One of the most liberating things about the CQRS ES way, is the simplicity of the read side. However, if you are new to CQRS you may have wondered how it works. How for example, would it work for a classic master details view? You are not alone, in fact, I am writing this post in answer to exactly this question I found on stackoverflow:
“So my question is how are people handling a screen where by for example it displays a summary of customer details and then a list of their orders with a [more detail] link etc….”
If your interested you can find the question and it’s replies here: http://stackoverflow.com/questions/2273796/cqrs-the-query-side
For this example lets assume we need to display a screen with a customers details, a balance of the amount they have spent and their last 10 orders with a more link to view the rest. In a traditional CRUD style system we would need to join data from the clients table, orders table and sum the order value to get a total value. In contrast, in a CQRS ES based system we could simply get the customer summary by customer id which would already contain all the required data (and no more).
So how would we achieve this simplicity (and performance)?
Within a typical CQRS ES application the de-normalisers react to events raised to create the read model. So given the following set of events:Then lets assume the customer makes multiple orders. The event stream would look something like this:Our de-normaliser can then be set to react to those events in order to generate a data transfer object/view model:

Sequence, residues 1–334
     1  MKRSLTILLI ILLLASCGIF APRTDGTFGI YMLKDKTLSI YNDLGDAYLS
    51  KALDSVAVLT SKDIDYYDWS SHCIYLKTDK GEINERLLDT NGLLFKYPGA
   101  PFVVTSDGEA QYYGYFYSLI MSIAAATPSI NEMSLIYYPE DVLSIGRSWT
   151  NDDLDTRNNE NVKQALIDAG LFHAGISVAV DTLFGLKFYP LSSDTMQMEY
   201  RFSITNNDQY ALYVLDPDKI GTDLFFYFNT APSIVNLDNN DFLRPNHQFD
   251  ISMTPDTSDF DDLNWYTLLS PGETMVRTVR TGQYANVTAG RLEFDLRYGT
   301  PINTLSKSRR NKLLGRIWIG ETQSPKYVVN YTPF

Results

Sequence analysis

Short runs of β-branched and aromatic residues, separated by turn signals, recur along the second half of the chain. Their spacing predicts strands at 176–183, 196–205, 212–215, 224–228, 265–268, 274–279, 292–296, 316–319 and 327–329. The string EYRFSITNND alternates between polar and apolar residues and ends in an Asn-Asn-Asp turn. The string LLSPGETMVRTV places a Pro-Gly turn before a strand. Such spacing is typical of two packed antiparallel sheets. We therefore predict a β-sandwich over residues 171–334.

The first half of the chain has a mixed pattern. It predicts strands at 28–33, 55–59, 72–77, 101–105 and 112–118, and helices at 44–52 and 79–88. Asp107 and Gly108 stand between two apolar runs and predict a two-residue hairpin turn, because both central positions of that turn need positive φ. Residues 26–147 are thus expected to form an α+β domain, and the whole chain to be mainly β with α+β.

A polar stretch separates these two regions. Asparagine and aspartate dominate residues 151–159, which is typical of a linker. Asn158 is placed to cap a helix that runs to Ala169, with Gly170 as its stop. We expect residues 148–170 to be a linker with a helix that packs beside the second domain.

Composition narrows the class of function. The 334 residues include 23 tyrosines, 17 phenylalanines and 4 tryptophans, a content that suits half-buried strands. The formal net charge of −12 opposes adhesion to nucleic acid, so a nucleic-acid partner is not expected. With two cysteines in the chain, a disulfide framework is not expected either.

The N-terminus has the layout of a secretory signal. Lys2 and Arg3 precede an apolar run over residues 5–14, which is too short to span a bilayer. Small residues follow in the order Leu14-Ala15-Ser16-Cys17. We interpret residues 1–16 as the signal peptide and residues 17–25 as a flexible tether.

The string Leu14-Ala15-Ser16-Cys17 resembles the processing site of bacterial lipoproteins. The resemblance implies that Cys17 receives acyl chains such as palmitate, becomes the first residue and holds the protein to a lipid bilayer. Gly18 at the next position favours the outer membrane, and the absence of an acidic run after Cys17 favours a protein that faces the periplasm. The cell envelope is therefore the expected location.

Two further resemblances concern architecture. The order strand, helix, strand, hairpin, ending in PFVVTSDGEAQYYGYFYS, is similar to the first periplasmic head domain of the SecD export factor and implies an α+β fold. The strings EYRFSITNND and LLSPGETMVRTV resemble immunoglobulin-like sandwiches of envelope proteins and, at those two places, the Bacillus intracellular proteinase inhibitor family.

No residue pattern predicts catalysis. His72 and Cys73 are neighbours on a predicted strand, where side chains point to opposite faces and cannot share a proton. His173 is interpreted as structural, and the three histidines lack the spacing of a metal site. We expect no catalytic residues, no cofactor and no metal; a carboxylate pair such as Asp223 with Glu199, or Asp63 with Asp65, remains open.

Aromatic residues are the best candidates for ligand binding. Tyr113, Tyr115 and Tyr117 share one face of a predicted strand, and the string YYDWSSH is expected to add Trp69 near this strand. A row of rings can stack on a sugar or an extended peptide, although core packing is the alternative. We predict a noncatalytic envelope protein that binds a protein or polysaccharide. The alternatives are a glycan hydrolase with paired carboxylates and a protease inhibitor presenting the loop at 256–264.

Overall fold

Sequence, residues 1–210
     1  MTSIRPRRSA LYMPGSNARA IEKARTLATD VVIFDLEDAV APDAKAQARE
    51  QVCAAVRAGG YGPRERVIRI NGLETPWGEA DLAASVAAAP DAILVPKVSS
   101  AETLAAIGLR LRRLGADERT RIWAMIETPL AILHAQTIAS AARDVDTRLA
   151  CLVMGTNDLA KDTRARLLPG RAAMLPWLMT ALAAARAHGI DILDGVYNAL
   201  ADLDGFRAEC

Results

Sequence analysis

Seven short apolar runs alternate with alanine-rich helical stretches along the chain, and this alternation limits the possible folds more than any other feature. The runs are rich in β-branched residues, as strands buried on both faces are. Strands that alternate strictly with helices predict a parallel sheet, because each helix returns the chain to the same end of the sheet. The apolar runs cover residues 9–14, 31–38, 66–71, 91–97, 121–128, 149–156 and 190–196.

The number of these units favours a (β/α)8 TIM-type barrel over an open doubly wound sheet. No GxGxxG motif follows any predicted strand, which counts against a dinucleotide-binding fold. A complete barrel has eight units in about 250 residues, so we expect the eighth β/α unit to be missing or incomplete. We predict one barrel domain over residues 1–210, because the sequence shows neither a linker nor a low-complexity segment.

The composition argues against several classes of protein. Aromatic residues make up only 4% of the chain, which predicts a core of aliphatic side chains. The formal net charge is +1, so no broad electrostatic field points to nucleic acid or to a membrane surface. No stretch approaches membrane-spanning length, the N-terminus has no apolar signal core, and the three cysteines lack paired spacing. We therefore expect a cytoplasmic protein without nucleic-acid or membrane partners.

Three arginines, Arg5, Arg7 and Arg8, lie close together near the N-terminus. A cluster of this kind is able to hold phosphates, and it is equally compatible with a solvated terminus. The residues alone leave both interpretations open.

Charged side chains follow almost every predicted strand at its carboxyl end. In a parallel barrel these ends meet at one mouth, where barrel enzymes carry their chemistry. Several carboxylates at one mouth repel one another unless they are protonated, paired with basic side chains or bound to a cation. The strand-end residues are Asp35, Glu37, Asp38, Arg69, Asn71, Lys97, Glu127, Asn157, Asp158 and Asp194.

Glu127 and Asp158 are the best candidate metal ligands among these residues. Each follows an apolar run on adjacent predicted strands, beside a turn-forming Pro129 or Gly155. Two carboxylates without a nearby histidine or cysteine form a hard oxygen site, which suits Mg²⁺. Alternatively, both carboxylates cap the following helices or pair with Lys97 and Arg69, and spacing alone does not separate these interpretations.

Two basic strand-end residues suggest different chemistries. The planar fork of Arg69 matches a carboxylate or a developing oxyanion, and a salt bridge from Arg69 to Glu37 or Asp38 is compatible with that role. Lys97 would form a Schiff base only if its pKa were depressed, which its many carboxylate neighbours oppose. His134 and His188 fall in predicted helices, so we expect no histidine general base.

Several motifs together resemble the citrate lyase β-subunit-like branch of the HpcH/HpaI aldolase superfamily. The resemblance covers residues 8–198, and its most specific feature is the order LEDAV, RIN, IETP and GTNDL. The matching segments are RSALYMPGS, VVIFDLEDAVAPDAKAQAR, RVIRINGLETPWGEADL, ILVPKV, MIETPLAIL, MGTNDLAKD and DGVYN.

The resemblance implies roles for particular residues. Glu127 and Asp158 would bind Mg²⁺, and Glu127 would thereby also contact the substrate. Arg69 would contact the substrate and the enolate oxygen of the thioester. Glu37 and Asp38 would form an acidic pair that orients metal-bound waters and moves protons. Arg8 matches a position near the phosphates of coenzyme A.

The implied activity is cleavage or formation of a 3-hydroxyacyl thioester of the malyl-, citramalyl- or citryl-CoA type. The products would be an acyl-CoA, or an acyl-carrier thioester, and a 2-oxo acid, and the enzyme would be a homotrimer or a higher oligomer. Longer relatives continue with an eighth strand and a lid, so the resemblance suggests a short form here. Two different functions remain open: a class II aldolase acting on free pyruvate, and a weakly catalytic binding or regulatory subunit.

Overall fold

Due to the steep learning curve associated with CQRS and ES many developers (wrongly IMHO) have the view that it is a complex approach to development. I hope this example shows how for the read side particularly your job as a developer is greatly simplified.
I'm a professional software engineer of near on 15 years. Lucky enough to work for a small but rapidly growing company in London called Redington. They have given me the technical freedom to learn some cutting edge technologies like CQRS and Event Sourcing. Now I'm sharing what I learn here.